Lindsay and I walked alongside a good friend two years ago who was diagnosed with multiple myeloma. We watched him survive and celebrate that he is in remission. We trust this same path now for our colleague. Yet we know that the path to remission and recovery is medically intense, physically complicated, and a great stress on a family. This latter reality presses me to tears, for he is a son, husband, and father.
I haven't cried deeply for several years...until today. I cried for my brother; I cried for our community; I cried for the academy, for we will walk the painful road through cancer recovery with him. And most of all I cried (and continue crying) for his wife and children. One never knows how the stages of life will shape, yet the entrance of children into our worlds reforms someone with incredible depth. Today, I experienced the breaking pain of considering another's children and the roads they will walk with their father and mother through these next months.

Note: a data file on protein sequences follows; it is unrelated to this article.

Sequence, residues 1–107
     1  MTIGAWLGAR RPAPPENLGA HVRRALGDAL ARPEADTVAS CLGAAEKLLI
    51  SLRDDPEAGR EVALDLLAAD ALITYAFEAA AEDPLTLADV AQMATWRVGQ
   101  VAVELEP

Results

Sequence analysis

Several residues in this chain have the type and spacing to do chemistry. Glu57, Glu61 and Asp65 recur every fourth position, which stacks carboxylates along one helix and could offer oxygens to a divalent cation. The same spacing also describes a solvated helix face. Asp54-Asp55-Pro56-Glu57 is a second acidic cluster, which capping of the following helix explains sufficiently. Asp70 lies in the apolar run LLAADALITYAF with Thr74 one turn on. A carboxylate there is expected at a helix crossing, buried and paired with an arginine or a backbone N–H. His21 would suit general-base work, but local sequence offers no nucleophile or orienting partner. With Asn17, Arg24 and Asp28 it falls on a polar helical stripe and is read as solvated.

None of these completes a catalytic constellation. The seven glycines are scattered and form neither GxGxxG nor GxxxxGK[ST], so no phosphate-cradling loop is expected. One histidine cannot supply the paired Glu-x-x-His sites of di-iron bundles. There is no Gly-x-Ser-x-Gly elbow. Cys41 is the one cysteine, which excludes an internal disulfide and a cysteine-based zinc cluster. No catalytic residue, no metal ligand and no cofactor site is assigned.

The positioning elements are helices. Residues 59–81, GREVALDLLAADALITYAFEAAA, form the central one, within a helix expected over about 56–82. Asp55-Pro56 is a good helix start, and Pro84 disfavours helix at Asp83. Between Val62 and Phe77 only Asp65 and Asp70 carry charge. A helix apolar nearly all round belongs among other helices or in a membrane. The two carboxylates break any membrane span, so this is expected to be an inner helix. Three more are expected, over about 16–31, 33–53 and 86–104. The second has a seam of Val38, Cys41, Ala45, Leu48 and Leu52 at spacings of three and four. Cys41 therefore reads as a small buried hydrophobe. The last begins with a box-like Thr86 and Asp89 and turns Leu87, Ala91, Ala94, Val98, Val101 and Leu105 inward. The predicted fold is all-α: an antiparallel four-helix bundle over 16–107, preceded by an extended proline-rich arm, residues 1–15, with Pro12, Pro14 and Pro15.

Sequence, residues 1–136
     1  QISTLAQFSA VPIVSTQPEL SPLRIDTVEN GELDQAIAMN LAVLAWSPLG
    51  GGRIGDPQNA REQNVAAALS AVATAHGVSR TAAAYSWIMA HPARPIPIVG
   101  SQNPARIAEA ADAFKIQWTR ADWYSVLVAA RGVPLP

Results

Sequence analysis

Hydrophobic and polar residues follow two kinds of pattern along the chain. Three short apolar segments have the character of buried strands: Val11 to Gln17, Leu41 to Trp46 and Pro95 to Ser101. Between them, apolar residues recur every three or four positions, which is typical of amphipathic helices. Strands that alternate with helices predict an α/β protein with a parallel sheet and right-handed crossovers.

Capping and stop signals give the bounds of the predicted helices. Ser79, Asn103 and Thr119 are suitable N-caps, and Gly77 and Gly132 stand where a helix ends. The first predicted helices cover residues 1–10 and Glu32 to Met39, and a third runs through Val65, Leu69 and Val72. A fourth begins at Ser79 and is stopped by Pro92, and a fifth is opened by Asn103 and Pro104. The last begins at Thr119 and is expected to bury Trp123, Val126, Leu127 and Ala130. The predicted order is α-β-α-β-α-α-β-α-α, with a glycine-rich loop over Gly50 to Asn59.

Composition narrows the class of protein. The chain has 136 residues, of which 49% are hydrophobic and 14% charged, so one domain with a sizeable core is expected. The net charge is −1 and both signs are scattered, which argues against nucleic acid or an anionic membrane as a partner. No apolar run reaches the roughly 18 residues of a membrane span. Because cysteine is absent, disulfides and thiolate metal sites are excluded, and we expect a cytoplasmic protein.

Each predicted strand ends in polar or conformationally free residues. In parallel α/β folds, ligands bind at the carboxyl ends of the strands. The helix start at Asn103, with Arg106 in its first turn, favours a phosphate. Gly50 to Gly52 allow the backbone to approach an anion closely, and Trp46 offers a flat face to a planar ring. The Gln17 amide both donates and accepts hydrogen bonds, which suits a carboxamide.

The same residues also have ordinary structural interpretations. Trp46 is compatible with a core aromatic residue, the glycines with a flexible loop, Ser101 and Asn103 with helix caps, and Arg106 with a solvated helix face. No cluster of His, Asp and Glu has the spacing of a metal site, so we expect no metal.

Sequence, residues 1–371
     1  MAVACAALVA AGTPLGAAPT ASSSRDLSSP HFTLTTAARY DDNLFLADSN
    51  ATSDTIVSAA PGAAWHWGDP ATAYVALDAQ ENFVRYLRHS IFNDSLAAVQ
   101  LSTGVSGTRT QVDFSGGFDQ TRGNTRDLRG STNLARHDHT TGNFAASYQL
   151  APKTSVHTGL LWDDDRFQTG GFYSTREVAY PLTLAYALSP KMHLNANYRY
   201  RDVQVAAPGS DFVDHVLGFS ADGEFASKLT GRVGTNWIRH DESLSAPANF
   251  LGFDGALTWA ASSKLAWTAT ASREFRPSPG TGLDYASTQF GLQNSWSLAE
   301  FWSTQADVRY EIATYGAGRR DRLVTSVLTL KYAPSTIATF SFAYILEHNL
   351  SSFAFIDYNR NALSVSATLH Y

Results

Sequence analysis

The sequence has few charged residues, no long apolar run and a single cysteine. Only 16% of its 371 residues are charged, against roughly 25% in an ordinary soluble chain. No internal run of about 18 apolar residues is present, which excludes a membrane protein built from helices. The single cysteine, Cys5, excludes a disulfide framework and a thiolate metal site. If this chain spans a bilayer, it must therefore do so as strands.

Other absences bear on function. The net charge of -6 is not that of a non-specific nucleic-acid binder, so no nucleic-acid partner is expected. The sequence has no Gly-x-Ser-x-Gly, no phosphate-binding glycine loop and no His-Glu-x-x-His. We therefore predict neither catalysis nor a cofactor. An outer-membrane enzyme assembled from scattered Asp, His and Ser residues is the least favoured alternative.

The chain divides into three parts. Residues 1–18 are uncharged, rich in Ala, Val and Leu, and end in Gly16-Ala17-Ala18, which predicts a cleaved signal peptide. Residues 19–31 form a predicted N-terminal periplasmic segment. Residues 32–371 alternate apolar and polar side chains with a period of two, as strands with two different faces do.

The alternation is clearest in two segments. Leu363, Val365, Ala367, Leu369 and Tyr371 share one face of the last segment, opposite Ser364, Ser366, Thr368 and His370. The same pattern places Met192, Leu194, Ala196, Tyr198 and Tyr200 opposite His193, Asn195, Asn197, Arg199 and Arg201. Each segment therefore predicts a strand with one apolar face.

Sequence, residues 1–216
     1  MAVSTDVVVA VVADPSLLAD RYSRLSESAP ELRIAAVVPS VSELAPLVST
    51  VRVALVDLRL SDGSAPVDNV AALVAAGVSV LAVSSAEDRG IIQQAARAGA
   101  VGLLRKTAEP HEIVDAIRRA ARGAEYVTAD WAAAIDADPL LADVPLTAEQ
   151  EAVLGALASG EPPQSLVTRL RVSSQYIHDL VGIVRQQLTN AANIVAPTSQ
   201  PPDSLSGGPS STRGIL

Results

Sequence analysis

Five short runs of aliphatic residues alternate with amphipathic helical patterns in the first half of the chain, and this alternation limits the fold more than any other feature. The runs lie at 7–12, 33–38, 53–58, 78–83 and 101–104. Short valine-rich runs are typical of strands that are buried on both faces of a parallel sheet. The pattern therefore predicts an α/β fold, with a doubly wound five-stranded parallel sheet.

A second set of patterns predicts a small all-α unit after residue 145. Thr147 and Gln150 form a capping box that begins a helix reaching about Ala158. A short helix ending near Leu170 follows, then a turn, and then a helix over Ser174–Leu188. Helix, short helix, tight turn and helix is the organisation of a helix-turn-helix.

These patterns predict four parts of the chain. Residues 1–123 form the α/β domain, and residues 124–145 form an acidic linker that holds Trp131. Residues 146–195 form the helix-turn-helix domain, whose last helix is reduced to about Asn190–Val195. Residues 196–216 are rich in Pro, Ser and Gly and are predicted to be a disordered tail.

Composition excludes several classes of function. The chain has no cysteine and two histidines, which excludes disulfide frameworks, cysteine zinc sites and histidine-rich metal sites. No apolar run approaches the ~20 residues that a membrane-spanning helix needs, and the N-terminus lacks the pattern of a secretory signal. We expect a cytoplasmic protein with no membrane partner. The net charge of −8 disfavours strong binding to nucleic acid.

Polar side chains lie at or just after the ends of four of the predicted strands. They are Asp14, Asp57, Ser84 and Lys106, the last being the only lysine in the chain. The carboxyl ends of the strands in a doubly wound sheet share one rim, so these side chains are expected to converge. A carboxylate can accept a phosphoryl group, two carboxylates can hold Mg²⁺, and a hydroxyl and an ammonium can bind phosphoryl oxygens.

They have small children, for whom a diagnosis is a mystery, yet the months to come will physically change their daddy, and the procedures will create a physical distance necessary for healing. For this, I cannot imagine. And we weep, for children ought not need to watch their parents suffer, especially at such a young age. This is not the redemptive order.
My heart aches today in ways not before. And the ache is on behalf of another's children and for a friend who is an incredible father. I invite the few who read this to pray for our friend and colleague, to pray for Western Theological Seminary, and most importantly pray for his children and his wife.
We prayed Psalm 62 together today and invite you to join us.